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Results 1 to 4 of 4
  1. Question Newbie guess: Diatoms, but not sure


    0 Not allowed!
    Hi all! New here, and I have some pictures to share:





    These are the best pics I could get. All I had to do was wave my hand over the leaves and the brown speckles dispersed into the water. I have a new, just-starting-to-cycle (fishless) 30 gallon freshwater.

    My first newbie guess is diatoms.

    I have a T5HO dual bulb lamp and am doing 6 hours light-on per day.

    Here's the whole tank:



    I took out the wood and am soaking it to lessen the tannins- the tank was getting pretty brown. There's a media bag in there with decomposing raw shrimp as my ammonia source.

    Am I right about diatoms?

    (p.s. I'm at .25/.25/5 on my water parameters)

  2. #2

    Default


    0 Not allowed!
    It certainly sounds and looks like diatoms. Don't worry about those just yet though. Your tank will probably get a bit yucky looking while you cycle it, because you really shouldn't be doing any cleaning at all. You want to leave it alone so that the good bacteria will grow. If they're still hanging around in the tank once you have finished cycling, and are moving onto a regular cleaning routine, then we can help you get rid of the problem, if they get really bad.

    Causes of diatoms can be, high nitrates from over feeding and fish poo, lack of maintenance, not enough light, or high amounts of silicates and phosphates. Silicates and phosphates usually come from your tap water and some kinds of sand for use as substrates. There's products on the market to help get rid of silicates and phosphates, if doing a nice regular cleaning routine doesn't do the job. You could probably test your tap water for phosphates, while you cycle your tank, if you like! At least then you will know if the problem is going to be coming from the tap later on!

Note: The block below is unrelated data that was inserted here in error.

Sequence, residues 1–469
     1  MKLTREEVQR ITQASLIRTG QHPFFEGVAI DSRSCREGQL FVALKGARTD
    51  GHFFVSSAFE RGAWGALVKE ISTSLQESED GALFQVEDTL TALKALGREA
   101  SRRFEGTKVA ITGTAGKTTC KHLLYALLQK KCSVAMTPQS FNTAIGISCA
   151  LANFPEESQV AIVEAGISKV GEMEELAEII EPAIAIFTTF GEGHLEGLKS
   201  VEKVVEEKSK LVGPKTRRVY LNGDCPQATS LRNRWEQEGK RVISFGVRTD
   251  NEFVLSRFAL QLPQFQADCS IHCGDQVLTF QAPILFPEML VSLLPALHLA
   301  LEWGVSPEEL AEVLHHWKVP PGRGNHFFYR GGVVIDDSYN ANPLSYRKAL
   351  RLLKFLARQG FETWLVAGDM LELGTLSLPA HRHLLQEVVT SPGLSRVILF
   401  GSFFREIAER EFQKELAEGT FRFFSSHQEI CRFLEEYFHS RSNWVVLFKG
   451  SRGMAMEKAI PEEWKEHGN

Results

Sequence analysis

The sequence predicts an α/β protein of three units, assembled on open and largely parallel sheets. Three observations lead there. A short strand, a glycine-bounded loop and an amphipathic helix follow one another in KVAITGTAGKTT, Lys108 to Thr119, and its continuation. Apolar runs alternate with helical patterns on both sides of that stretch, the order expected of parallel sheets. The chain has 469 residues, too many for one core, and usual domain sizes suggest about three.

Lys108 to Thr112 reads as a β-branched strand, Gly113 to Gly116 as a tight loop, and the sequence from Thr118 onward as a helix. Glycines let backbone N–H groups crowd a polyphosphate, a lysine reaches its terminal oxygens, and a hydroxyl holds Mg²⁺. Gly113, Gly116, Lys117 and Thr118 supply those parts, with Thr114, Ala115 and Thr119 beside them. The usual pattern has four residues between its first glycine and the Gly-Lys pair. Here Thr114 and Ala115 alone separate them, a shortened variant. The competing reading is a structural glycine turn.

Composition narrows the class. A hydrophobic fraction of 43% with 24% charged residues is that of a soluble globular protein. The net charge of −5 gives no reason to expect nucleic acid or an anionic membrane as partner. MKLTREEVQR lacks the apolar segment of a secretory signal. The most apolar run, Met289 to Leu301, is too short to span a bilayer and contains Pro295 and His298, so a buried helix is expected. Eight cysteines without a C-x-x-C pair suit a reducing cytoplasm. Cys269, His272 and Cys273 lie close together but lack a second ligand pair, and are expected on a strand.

Three-fourths of the Earth's surface is water, and one-fourth is land. It is quite clear that the good Lord intended us to spend triple the amount of time fishing as taking care of the lawn. ~Chuck Clark

  3. #3

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    0 Not allowed!
    http://www.aquahobby.com/articles/e_...ater_algae.php

    The diatoms I had sure would not blow away with a wave of the hand. I had to wipe them away with a scrubber and soak the rocks in bleach water. Are you sure this isn't just debris the filters are not picking up?

  4. #4

    Default


    0 Not allowed!
    I think it depends on how well established the diatoms are, as to whether they're hard to remove or not. If they're only just starting to settle in, then they're quite easy to remove from the glass or plants. I have had a small amount of diatoms once before - i noticed it on the glass. I caught it early and I hardly had to even touch it to clean it off. I mean, you don't just fill your tank, and BAM, you have a full blown case of diatoms - they do have to grow.
    Three-fourths of the Earth's surface is water, and one-fourth is land. It is quite clear that the good Lord intended us to spend triple the amount of time fishing as taking care of the lawn. ~Chuck Clark

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